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Chelsea Physic Garden

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Chelsea Physic Garden

 


The Chelsea Physic Garden was founded in the year 1673 by the Society of Apothecaries and was also known as Apothecaries Garden. Back in the time, the idea of this garden was to grow plants with healing properties and be a growing region for various species of plants. However, the main purpose of the Garden was to provide training of the young apprentices. The location of the Garden is considered ideal considering the river situated nearby. The river is responsible for the good survival and growth of various plant species. Offering a warmer climate to plants which are not native to the local climate, these plans are able to thrive and fight against the harsh weather of the United Kingdom. It also serves as an important transportation route which encouraged the movement of plants and interested individuals and the seed exchange program as well in the later years. This program went a long way in establishing the reputation of the garden as a successful one. Even today this program is in practice by the existing administration.

Chelsea Physic Garden

The Chelsea Physic Garden is the second largest botanical Garden in the United Kingdom and the oldest one to date. (Kew Gardens is the largest garen in the UK). The plants in the garden are situated according to the environmental conditions they prefer and can grow in. There are different types of plants found in the garden. The rock Garden within is one of the most visited spots where rocks collected from the Tower of London are placed. Other than that, some were brought by Sir Joseph Banks in the year 1772. The rock Garden was completely in the year 1773 and is considered the oldest rock garden to exist till date.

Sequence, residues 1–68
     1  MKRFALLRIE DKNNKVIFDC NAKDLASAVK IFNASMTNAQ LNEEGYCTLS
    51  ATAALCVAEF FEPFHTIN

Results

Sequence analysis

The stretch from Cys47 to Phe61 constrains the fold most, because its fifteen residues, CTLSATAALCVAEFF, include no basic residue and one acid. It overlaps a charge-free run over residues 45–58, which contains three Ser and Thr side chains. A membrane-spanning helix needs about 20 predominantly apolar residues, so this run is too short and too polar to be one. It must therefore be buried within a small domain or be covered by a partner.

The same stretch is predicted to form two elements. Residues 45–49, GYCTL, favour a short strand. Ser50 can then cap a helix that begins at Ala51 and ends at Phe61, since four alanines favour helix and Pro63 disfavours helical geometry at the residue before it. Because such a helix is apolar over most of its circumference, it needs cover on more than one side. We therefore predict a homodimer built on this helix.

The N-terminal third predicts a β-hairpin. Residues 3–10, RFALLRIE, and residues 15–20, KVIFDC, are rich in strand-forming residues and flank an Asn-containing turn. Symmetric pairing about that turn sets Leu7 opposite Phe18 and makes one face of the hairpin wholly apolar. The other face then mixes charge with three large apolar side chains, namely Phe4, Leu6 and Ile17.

Different personalities played different roles in the promotion of the garden. The Chelsea Physics garden is associated with several well renowned botanists and explorers who brought changes to the garden over its long life span. For instance, in the year 1848 tea seedlings were brought all the way to Britain from China in order to establish a tea industry in the subcontinent.



In later years, the authorities decided to expand their expertise by lecturing and tutoring young professionals interested in becoming botanists or botany teachers. This step towards education proved to be very fruitful for the Society. The Garden assumed a role in researching into the healing characteristics of the plants and their use in natural medicine.



Near the end of the nineteenth century, the Society of Apothecaries decided to hand over the administration to City Parochial Foundation taking care f the running of the garden from here onwards. After that the Garden was opened to visits by general public and converted into a registered charity.

 

The Garden is on the Chelsea Embankment of the River Thames and close to South Kensington Station with links to Piccadilly Circus Station for the West End of London and Knightsbridge. Sloane Square is on the District and Circle lines with connections to Tower Hill Station. The main London theatres including the London Palladium are available to make a great day out. It is also close to the Chelsea FC ground.



Chelsea Physics garden encompasses a total area of 3.8 acres. Its neighbours are Royal Brompton Hospital on the northern side, the Embankment of the southern side, and Swan Walk on the Eastern Side. The Garden accommodates offices, lecture rooms, curator’s house and various greenhouses. Rest of the garden is being utilized for plants.